Anyway if by the time I want to apply for a teaching position, my Japanese won't suffice yet, I will probably try to find a research scientist position, for example in RIKEN, I saw there are a couple of foreign researchers. Stay there for some years while improving my Japanese, and go back hunting for a teaching opening once I feel I'm good enough to have conversation in Japanese.
Actually, my ultimate goal partly concerns wealth (along with recongnition in my field), I choose to pursue a professor position because I think that's the position with the highest salary level for a scientist. If it turns out that working in a research institute such as RIKEN can help me fulfill those goals of mine, I wouldn't mind working there.
So, probably I also want to ask if someone knows how is the comparison in salary between a college prof and senior scientist which does not do any teaching job?
 

Glenski

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Trust me, if wealth is your goal, don't go into science.

You said if you "study hard" you can be fluent in 4-5 years. Maybe, but that would entail IMO very concentrated effort, and most people tend to give that up after a few months. You have to be willing and able to avoid a lot of contact with other non-Japanese people and put in long hours of study. That only gets you "fluent" in terms of book knowledge. To be truly fluent, you have to get experience outside the book grammar, and that takes more years. I really think you underestimate your timeline here.

I also want to ask if someone knows how is the comparison in salary between a college prof and senior scientist which does not do any teaching job?
Do you mean "senior scientist" as in someone working at a company?
Engineering Salaries in Japan - CareerCross

Sample of RIKEN postdoc salary (1 year contract renewable for total of 3 years only).

College prof salaries vary with rank and with the type of school, among other factors like age, marital status, etc. See what I posted a few years ago.
 

hiverloon

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Trust me, if wealth is your goal, don't go into science.
I know this pretty well. I don't aim for a luxurious sparkling lifestyle anyway. I just want to achieve the highest possible income while being a scientist.
Do you mean "senior scientist" as in someone working at a company?
Not in company, my field of research does not enable me to work in a company, at least for the current state of advancement of my research field.
College prof salaries vary with rank and with the type of school, among other factors like age, marital status, etc. See what I posted a few years ago.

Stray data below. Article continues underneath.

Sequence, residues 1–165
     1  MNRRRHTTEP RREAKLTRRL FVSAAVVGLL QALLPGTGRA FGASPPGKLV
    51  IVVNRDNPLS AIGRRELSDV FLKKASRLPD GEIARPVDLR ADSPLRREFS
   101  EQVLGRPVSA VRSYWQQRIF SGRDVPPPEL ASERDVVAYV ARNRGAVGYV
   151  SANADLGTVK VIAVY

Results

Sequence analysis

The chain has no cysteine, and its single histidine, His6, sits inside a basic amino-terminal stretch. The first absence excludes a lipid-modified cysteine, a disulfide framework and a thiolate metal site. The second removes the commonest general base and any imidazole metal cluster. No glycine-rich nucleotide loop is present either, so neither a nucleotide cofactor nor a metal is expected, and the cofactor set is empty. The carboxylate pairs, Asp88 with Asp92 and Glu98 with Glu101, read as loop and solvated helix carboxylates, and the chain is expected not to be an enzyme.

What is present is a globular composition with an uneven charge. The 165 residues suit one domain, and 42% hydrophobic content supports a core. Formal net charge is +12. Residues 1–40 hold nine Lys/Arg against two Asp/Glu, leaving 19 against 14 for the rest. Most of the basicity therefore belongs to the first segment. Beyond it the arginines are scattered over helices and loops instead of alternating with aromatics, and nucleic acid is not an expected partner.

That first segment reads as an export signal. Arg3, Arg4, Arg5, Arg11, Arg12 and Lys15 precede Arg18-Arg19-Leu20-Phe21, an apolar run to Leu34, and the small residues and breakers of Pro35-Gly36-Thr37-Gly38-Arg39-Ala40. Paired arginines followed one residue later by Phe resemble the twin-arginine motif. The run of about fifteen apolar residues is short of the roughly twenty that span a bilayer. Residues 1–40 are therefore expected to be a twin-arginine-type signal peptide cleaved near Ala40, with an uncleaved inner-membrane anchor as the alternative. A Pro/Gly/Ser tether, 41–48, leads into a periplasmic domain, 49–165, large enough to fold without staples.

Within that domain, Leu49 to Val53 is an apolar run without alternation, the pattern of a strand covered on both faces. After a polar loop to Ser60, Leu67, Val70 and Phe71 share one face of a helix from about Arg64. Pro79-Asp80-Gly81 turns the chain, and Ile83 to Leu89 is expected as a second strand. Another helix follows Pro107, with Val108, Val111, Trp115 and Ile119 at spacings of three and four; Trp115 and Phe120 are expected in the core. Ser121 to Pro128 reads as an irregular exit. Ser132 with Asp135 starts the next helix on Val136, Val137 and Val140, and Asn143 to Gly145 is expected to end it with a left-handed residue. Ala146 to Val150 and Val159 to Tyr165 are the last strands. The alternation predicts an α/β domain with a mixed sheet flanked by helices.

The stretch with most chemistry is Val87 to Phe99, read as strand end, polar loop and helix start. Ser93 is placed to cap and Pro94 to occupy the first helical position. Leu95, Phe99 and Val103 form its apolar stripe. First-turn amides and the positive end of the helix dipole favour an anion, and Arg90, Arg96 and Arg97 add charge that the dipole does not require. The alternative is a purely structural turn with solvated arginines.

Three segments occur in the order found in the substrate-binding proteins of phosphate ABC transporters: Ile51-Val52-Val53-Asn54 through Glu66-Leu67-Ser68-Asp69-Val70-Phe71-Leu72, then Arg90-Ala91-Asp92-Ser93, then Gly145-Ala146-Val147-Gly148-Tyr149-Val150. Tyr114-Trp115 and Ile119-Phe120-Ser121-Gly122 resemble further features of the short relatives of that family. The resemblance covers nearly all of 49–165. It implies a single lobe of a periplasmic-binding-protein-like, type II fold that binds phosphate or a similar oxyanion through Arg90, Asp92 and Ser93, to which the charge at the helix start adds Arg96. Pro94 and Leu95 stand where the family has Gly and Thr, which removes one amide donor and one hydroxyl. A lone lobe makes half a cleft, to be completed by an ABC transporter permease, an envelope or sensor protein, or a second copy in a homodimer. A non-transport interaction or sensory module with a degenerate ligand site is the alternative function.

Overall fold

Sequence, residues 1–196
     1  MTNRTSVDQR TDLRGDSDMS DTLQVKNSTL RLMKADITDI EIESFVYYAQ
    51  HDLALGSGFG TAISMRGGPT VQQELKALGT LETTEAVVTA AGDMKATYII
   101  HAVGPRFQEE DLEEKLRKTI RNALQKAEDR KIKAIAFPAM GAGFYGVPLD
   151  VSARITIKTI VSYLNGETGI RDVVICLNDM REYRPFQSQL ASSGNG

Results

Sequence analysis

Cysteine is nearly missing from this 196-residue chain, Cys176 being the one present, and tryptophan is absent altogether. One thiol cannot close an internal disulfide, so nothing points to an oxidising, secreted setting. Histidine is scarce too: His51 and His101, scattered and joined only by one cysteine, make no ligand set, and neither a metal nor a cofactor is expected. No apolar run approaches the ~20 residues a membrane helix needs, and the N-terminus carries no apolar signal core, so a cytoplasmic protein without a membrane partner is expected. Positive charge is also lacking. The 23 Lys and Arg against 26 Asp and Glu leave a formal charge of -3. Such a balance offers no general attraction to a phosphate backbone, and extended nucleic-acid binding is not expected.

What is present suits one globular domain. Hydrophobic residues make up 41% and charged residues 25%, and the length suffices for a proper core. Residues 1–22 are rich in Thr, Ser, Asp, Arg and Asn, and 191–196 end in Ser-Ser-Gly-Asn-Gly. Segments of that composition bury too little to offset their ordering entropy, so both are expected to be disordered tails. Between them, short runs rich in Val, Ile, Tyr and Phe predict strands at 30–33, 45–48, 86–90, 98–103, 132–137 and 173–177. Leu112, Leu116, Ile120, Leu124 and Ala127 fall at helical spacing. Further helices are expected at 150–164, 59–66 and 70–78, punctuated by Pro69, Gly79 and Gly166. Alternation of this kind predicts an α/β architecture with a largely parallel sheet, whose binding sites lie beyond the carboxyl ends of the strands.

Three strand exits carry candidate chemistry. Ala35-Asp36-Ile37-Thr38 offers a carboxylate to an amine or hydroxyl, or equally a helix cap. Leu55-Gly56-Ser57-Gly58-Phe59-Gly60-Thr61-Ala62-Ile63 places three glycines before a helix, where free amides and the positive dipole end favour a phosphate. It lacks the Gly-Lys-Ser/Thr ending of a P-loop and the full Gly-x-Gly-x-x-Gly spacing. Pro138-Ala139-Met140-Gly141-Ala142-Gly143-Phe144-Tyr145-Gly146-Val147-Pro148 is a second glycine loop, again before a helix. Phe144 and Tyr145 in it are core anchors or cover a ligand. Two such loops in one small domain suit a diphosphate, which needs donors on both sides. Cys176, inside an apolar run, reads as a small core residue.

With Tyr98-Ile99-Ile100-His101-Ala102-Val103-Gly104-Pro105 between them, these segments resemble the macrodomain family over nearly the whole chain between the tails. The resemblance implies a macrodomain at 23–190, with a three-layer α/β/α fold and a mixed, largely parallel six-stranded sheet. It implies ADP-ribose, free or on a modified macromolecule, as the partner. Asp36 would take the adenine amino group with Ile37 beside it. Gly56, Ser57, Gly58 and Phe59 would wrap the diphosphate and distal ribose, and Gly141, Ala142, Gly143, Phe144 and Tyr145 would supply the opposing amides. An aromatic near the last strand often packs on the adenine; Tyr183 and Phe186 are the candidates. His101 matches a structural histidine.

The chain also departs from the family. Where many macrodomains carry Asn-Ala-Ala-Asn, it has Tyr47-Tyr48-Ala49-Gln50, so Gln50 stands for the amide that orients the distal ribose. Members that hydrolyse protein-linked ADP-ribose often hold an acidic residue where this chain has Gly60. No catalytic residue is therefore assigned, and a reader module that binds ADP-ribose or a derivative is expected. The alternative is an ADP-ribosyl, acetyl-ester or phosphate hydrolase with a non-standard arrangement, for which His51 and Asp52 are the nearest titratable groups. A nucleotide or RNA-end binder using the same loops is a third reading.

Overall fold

By the way, how did you get that list of prof salaries in Kansai? Would be interesting to know how it is in Kanto, especially Tokyo. Furthermore, do I somehow miss Kyoto University in that list, I thought they are one of the top schools in Japan.
 
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Glenski

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If you don't plan to work in a company (or can't), then please explain where exactly a "senior scientist" works.

The list of salaries was compiled by a uni teacher from a professional group whose discussion forum I followed for a few years. The group has since been disbanded (due to insufficient membership) and absorbed by another, and I have not followed them since. That teacher worked for one of those universities in that area, so he had access. The group never compiled any other figures. Use them only as a guideline because they are geographically limited and only private unis, but it's essentially the only information available unless you scour the JRECIN site and get lucky. As I wrote above, salaries depend on your age, marital status, length of term, and rank, so it's hard for any university to say exactly what you will make anyway. I wouldn't ask your target university directly because it's not professional, so you just have to go with what they tell you voluntarily.

Oh, and you're welcome for all this info. (hint, hint)
 

hiverloon

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If you don't plan to work in a company (or can't), then please explain where exactly a "senior scientist" works.
In RIKEN.
The group has since been disbanded (due to insufficient membership) and absorbed by another, and I have not followed them since.
I never thought I would find an answer why Gaijinpot registration was closed in this forum. But good to know.
I wouldn't ask your target university directly because it's not professional, so you just have to go with what they tell you voluntarily.
Well even if I give you the university names that will be less meaningful because the time when I will go look for a permanent job is still far to come. A lot of things may happen before then. I may have said that I aim for UTokyo for my tenure but after getting the general picture of how getting jobs in Japan is, I think I should broaden my target range. Not to mention that being a researcher in RIKEN can also be an option as I have indicated before.
 

Glenski

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I think you are confused about the group that disbanded. I did not mean Gaijinpot.